There is no ‘downtime’, either, though immediately afterwards my skin was a little rose and swollen – but not in a bad way. The redness resembled a post-facial flush, while the swelling gave me a youthful-looking plumpness, which lasted a couple of days. “Some people with more sensitive skins find their skin is a little dry for a few days afterwards,” Dr Sophie notes, though this wasn’t the case for me.

What results can you expect from Softwave?

“Results appear anywhere from six weeks onwards, and last for nine-to-12 months,” Dr Shotter confirms. While my immediate boost was temporary, three months afterwards I noticed that my brows seemed more lifted, my jawline felt tighter, and my lower cheeks more taught.

“The average lift to the eyebrow in the clinical studies was three-to-four millimetres, which is quite significant,” she says. “People often notice impressive results in the neck and under chin area as well.”

softwave skin tightening treatment review
Bridget before (left), and three months after trying Softwave (right)Illuminate Skin Clinic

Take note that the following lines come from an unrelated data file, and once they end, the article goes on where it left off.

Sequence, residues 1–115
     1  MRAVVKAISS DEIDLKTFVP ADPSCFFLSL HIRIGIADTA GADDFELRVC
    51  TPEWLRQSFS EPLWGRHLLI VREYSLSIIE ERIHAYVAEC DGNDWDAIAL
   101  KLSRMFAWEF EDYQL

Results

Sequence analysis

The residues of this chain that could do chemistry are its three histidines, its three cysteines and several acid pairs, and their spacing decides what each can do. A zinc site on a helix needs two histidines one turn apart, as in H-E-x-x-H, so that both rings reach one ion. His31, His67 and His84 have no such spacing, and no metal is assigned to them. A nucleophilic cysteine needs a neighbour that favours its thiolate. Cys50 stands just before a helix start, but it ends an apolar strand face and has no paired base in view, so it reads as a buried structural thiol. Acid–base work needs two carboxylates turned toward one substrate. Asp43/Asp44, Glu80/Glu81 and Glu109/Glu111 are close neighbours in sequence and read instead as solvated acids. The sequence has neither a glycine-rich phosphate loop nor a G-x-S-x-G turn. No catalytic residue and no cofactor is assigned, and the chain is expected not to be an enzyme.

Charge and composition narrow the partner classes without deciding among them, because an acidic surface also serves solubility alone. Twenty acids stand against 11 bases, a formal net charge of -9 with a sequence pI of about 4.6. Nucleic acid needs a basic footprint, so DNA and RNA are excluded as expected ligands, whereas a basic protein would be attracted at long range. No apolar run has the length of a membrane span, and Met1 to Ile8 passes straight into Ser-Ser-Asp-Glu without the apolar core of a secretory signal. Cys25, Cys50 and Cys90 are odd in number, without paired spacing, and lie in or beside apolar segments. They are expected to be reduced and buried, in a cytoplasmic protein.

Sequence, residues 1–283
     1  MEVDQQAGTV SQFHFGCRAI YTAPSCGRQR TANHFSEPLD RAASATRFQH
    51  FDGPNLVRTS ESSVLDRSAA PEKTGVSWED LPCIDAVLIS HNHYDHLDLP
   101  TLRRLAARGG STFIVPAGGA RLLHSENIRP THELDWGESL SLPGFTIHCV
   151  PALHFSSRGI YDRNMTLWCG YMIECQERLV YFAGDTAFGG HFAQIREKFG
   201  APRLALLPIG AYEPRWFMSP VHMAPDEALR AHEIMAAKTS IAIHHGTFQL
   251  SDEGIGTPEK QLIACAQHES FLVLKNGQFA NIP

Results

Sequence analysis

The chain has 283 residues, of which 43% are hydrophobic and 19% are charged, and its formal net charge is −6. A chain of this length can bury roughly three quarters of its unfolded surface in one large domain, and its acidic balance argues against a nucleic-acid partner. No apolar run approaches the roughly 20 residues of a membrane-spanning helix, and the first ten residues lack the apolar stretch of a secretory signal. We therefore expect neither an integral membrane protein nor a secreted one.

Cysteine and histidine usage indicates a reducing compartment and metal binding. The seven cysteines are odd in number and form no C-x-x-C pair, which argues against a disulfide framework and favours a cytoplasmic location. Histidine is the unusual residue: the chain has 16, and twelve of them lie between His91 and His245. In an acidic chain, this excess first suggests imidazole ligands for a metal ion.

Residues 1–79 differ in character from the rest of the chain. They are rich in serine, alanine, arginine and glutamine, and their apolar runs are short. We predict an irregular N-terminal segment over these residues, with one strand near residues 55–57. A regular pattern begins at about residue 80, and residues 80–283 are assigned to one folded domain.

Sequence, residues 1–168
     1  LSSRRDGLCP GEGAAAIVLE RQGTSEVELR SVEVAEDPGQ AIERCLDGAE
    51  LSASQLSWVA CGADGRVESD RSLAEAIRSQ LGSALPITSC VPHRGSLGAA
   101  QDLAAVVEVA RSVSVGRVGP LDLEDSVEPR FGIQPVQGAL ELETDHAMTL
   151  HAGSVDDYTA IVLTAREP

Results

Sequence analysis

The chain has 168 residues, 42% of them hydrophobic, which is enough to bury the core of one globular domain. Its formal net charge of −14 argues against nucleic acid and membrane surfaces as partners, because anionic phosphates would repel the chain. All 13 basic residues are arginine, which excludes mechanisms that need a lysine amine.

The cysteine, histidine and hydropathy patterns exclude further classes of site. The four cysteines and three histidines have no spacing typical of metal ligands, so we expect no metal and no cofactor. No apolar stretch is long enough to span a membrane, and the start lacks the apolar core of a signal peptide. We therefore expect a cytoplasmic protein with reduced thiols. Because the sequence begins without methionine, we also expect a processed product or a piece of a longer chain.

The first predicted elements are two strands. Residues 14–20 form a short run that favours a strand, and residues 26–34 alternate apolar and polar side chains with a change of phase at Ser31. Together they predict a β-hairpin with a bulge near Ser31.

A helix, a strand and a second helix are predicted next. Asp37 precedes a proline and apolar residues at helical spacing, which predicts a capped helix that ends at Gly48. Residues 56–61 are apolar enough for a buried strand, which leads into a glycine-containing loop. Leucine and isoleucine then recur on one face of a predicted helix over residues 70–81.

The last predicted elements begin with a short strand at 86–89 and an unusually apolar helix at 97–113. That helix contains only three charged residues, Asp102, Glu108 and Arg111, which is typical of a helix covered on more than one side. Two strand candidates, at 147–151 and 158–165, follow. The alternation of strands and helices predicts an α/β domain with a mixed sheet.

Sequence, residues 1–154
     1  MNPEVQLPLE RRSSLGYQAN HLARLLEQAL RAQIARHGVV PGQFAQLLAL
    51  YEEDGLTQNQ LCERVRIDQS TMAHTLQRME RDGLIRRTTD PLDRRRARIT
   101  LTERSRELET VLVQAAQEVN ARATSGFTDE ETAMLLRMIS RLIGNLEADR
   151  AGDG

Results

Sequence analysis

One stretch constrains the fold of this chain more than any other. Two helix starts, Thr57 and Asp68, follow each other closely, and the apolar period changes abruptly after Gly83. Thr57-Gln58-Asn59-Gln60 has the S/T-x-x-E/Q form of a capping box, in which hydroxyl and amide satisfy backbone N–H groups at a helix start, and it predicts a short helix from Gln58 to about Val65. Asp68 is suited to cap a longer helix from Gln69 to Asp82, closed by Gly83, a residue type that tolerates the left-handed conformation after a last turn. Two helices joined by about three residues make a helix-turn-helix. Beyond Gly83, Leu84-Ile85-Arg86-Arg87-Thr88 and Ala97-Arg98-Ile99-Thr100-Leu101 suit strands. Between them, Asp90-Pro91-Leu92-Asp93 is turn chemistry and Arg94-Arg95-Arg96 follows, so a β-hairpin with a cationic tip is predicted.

While it may be hard to measure this at home, she says that “the skin should feel firmer and less ‘grabbable’, and you will just look better in the mirror”. It’s this subtlety that appeals to me; personally, I don’t want to change the way I look. Unlike other treatments such as Botox and fillers which can alter, Softwave is here to enhance and ‘prejuvinate’ – by preventing visible signs of ageing and rejuvenating the early ones I have. For an expensive treatment, I'd only recommend it for those serious about collagen banking, not those who want a quick fix.

As Dr Shotter reminds me, “There is no magic bullet when we talk about aesthetic anti-ageing treatments – no one treatment does everything. But Sofwave is a treatment which is almost universally useful in a treatment plan.” And it’s staying in mine.

Softwave costs £3000 for a full face treatment and £1600 for a half face treatment at both Illuminate Skin Clinic and 10 Harley Street where Dr Shotter splits her time.